How blended learning made its way into classrooms 

With schools and colleges reopening for the 2022-2023 academic year, many teachers have decided to incorporate the best of both worlds (online and offline classes). A concept note on the Blended Mode of Teaching and Learning published by the University Grants Commission (UGC) defines blended learning as “the term given to the educational practice of combining digital learning tools with more traditional classroom face to face teaching.” 

However, the same document also points out that blended learning cannot be looked at as a mere mix of online and in-person classes. It defines blended learning as a “well-planned combination of meaningful activities in both the modes.” The blend depends on various factors which are focused around learning outcomes and the learner-centered instructional environment.

The National Education Policy 2020 too has emphasized the promotion of blended learning in schools and higher education. The policy states that while “promoting digital learning and education, the importance of face-to-face in-person learning is fully recognized. Accordingly, different effective models of blended learning will be identified for appropriate replication for different subjects.” 

In fact, Robert Gagné had proposed a series of events that form a conducive environment for learning – which are also extremely relevant for designing blended learning experiences. The nine events of instruction are as follows: gain attention of students, inform students of the objectives, stimulate recall of prior learning, present the content, provide learning guidance, elicit performance, provide feedback, assess performance, enhance retention and transfer.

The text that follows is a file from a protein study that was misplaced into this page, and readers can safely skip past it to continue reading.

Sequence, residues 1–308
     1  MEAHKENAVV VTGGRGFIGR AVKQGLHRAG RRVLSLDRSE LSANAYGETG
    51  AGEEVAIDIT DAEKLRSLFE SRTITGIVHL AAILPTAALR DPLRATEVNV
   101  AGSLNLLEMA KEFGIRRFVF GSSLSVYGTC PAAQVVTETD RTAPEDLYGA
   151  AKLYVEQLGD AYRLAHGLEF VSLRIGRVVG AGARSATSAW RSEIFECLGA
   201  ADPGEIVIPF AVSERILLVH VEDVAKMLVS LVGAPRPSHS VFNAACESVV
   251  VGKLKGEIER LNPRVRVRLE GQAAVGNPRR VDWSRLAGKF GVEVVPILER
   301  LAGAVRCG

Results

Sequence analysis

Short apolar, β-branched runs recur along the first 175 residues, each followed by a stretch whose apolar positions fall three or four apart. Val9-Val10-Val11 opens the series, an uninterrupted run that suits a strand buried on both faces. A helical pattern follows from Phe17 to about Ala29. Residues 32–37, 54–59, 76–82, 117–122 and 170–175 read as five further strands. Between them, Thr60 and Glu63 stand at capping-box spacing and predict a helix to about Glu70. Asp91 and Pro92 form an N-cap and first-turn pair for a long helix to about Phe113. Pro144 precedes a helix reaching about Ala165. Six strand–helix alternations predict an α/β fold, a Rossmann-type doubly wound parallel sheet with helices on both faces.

Designing blended learning experiences for different learner personas 

While there are students like Nayana who are adept with digital devices, there are many students who are struggling with technology and devices. For Thanushree H.S., a class nine student in Girls Government High School, Gauribidanur, Chikkaballapur district, online classes were a struggle as she had poor internet connectivity at her home. Besides this, she found it difficult to get access to a mobile phone as her sister also had to attend online classes and there was just one smartphone to access.

“It was very frustrating as I would get disconnected midway through the session as the internet was patchy. I was disappointed that I was not able to learn through online classes.”

She however says that as classes are now offline, she is able to learn better. 

The examples of Nayana and Thanushree suggest that students’ association with technology and online learning behavior differs based on their learning personas. A single approach for learning may not help all types of learners.